A Canadian who works on Wall Street is emerging in some quarters as a hero for revealing the inner workings of high frequency traders who critics have accused of rigging the stock market and taking investors for billions.

Brad Katsuyama now runs IEX – the Investors Exchange – a new Wall Street trading platform he founded. But it was in his former capacity as the head trader in New York for RBC Capital Markets that he caught the attention of popular financial writer Michael Lewis, author of the bestsellers Moneyball, Liar’s Poker, and The Big Short, among others.

Katsuyama gets star billing in Lewis’s new book, Flash Boys: A Wall Street Revolt, which was released on Monday. 

'The United States stock market, the most iconic market in global capitalism, is rigged'- Financial author Michael Lewis

Katsuyama told Lewis that he had uncovered the methods high frequency traders use to get what he considers to be an unfair advantage over other investors.

Katsuyama noticed that when he would send a large stock order to the market, it would only be partially filled, and then he would have to pay a higher price for the rest of the order.

When he investigated, he found that his orders travelled along fibre-optic lines and hit the closest exchange first, where high frequency traders would use their speed advantage to buy the shares he wanted and then sell them to him at a slightly higher price – all in milliseconds.

Financial speed bump

Katsuyama and an RBC colleague then created a system that would effectively nullify the advantage of the high frequency traders by creating what amounts to a financial speed bump.

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Brad Katsuyama will have an interview with Amanda Lang Friday on CBC's The Lang & O'Leary Exchange.

"Essentially, our fill rates went to 100 per cent,” he told CBS’ s 60 Minutes last Sunday. “We couldn't believe it when we actually figured it out."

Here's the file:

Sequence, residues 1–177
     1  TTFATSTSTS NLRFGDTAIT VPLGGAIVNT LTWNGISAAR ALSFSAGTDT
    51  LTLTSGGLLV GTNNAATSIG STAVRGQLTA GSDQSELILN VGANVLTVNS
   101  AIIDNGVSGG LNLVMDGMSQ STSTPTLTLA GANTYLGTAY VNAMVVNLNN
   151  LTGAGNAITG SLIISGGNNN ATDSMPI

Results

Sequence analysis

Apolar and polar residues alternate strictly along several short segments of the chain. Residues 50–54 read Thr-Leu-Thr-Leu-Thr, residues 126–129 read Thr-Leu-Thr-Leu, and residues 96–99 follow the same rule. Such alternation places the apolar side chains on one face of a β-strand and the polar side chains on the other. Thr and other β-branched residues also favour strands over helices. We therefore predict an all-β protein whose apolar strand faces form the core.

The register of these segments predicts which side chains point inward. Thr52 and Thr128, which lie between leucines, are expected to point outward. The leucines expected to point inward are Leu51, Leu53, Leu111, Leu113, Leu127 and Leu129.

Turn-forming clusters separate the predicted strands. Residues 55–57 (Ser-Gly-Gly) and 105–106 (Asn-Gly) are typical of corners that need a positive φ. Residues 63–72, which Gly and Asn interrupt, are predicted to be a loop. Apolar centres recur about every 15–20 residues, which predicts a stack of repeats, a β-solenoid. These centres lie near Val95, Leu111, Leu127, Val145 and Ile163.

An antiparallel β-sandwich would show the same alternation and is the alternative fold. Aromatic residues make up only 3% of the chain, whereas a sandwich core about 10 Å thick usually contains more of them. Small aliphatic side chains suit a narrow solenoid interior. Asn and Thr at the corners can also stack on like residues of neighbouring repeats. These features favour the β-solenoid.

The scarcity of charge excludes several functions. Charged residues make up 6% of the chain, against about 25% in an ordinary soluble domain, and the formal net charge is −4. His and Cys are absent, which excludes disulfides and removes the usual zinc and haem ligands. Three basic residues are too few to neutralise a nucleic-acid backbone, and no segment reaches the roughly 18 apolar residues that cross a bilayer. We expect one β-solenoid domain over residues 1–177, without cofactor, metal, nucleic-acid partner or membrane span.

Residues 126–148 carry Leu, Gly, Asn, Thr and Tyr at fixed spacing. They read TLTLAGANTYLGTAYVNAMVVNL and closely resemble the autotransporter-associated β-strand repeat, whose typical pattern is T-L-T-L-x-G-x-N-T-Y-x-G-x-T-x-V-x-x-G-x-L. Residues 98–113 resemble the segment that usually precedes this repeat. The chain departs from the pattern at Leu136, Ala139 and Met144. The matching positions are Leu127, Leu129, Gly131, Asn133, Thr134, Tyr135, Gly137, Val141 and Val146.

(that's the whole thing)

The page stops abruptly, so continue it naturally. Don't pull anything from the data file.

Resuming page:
High-frequency traders use sophisticated computer programs to execute huge numbers of orders at blindingly fast speeds. The programs are legal and are used by many banks and trading firms. More than half of all trading in some markets is carried out by high-frequency traders.

"They are able to identify your desire to buy shares in Microsoft and buy them in front of you and sell them back to you at a higher price," Lewis told 60 Minutes. “The United States stock market, the most iconic market in global capitalism, is rigged.”  The main thrust of Lewis’s new book is that high-frequency traders use their speed advantage in predatory ways that end up cheating market participants small and large.

For their part, high-frequency traders defend their actions. “We completely disagree with allegations that the U.S. equity market is rigged,” BATS Global Markets president Bill O’Brien said in an email to Bloomberg News. BATS is one of Wall Street’s biggest high-speed trading firms.

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High frequency trading firms are responsible for about half of all trading in the U.S. equities market. (Chip East/Reuters)

“While we should never stop trying to improve our market structure, it is unfair and irresponsible to accuse people simply because they use technology and enhance competition. This has helped make our market the most competitive and liquid in the world, greatly benefiting individual investors.”

O’Brien and Katsuyama got a chance to debate their differences in a heated panel discussion Tuesday on U.S. financial channel CNBC.

O'Brien challenged Katsuyama to repeat his assertions and Katsuyama was more than happy to oblige.

"I believe the markets are rigged and I also think you're part of the rigging," Katsuyama said. CNBC reported that the 20-minute debate “stopped trading on the floor of the New York Stock Exchange.”

O’Brien accused Katsuyama of wanting to “possibly scare millions of investors” in an effort to promote Katsuyama’s own IEX trading exchange.

U.S. federal agents are investigating whether high-speed trading companies violate U.S. laws by using fast-moving market information not available to other traders, a FBI spokesman confirmed to the Wall Street Journal on Monday.

With files from Reuters and The Associated Press